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Zero is usually recognized today as being originated in two geographically separated cultures: the Maya and Indian. If zero was a place-holder symbol, then such a zero was present in the Babylonian positional number system before the first recorded occurrence of the Indian zero. If zero was represented by an empty space within a well-defined positional number system, such a zero was present in Chinese mathematics a few centuries before the beginning of the Common Era. The absence of a symbol for zero in China did not prevent it from being an efficient computational tool that could handle solution of higher degree order equations involving fractions.

However, the Indian zero was a symbol, a ...view middle of the document...

On the other hand, geometry was the natural study for oligarchies for it demonstrated the proportions within inequality.

Evidence relating to Pre-Columbian Maya civilization comes from three main sources: four screen-fold books called codices, a large number of stone monuments and thousands of ceramic vessels. Piecing together these different strands of evidence, it is possible to construct an account of the social context in which the Mayan numerals and especially the Mayan zero emerged around the beginning of the Christian era. The Mayan system of numerical notation was one of the most economical systems ever devised. In the form that was used mainly by the priests for calendar computation as early as 400 BC. It required only three symbols: a dot was used for one, and a bar for five; and a symbol for zero which resembles a snails shell. With these three symbols they were able to represent any number on a base 20. However, there was an unusual irregularity in the operation of the place value system. This anomaly reduces the efficiency in arithmetical calculation.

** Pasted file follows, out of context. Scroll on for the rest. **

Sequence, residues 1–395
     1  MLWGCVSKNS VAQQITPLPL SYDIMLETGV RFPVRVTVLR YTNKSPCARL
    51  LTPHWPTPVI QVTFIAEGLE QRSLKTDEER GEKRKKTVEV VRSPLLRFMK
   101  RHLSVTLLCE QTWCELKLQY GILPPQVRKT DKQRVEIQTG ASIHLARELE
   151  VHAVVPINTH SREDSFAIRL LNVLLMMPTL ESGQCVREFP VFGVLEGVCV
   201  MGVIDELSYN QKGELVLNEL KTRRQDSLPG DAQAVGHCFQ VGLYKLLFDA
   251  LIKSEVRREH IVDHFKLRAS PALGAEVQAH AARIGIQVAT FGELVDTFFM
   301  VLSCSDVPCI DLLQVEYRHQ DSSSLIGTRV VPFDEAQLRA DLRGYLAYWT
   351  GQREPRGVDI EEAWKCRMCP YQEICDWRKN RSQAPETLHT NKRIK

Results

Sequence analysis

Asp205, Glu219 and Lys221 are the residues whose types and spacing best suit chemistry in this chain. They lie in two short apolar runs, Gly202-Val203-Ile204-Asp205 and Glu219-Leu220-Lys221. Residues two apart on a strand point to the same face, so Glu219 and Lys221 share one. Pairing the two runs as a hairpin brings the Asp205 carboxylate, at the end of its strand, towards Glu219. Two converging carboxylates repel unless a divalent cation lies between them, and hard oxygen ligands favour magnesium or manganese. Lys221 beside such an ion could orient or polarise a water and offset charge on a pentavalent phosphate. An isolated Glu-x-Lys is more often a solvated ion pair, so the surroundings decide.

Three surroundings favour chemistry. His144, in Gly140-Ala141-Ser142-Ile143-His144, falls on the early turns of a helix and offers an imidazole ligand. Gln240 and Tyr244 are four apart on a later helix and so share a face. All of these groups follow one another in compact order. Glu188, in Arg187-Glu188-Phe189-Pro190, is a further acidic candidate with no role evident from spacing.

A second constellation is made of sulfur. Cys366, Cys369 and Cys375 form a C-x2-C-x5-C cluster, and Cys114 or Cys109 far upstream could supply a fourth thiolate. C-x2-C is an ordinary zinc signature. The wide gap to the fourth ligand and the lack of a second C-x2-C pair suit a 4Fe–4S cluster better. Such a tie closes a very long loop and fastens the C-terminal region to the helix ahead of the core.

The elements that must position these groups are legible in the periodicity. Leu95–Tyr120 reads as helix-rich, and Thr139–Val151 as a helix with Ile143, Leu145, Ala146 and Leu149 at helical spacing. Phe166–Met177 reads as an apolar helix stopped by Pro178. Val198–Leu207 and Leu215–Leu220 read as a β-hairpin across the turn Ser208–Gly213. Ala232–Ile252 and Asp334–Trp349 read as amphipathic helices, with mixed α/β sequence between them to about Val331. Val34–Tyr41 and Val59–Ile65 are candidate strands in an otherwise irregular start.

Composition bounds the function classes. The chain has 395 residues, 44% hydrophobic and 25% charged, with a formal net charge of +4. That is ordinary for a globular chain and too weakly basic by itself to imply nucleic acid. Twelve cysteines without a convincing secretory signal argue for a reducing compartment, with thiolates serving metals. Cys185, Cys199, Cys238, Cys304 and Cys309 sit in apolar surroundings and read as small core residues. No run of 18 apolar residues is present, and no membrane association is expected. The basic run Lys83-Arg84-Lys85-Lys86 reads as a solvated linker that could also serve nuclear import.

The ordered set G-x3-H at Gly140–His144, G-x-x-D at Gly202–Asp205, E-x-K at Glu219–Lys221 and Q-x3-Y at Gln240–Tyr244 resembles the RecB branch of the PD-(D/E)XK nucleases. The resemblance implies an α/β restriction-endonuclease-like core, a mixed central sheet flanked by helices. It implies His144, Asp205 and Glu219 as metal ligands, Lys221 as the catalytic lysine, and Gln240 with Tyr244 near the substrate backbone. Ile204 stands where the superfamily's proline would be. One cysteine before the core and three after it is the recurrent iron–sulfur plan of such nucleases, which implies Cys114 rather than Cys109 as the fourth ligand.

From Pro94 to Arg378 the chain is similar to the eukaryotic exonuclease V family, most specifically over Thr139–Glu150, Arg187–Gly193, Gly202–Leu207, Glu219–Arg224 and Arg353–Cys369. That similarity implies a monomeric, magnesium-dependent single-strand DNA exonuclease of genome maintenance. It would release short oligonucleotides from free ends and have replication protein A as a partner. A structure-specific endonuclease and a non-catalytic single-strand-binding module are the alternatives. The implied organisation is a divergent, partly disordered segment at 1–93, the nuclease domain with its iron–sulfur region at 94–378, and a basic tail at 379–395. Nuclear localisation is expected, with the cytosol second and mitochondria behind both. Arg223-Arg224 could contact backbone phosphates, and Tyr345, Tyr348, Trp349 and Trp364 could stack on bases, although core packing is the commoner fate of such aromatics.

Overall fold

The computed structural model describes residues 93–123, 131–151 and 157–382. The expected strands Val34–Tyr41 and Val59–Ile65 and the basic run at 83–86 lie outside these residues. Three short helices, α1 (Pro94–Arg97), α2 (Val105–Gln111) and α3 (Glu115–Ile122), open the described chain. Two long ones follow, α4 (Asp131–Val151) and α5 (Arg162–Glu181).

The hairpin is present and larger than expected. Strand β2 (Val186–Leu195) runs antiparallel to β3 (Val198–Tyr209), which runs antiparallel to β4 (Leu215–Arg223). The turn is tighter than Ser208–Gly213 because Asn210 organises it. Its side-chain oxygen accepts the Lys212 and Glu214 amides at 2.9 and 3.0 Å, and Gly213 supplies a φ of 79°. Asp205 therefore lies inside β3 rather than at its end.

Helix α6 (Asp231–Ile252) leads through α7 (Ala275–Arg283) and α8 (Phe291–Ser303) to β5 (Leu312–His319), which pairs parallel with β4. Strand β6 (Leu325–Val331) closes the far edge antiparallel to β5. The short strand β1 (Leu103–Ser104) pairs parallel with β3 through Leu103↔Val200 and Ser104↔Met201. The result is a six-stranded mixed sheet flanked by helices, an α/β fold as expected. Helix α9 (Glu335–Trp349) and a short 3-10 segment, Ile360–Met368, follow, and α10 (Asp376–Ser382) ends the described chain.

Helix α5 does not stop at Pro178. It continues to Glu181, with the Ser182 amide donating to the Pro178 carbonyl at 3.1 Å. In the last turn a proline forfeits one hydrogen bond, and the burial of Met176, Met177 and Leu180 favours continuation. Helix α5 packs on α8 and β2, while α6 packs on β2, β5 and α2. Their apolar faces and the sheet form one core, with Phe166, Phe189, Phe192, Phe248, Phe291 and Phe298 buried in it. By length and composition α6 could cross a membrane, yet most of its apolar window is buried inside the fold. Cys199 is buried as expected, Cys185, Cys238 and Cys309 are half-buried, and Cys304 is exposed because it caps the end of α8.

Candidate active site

For example, one of the most useful facilities in our numeration system is the ability to multiply a given number by 10 by adding a zero to the end of it. An addition of a Mayan zero to the end of a number would not in general multiply the number by twenty because of the mixed base system employed. This inconsistency also inhibited the development of further arithmetical operations, particularly those involving fractions. To understand this curious irregularity in Mayan numeration, it is important to appreciate the social context in which the numeration system was used.

Returning to the curious irregularity in the Mayan place value system, the general view is that it is tied to the exigencies of operating three different calendars. The first...

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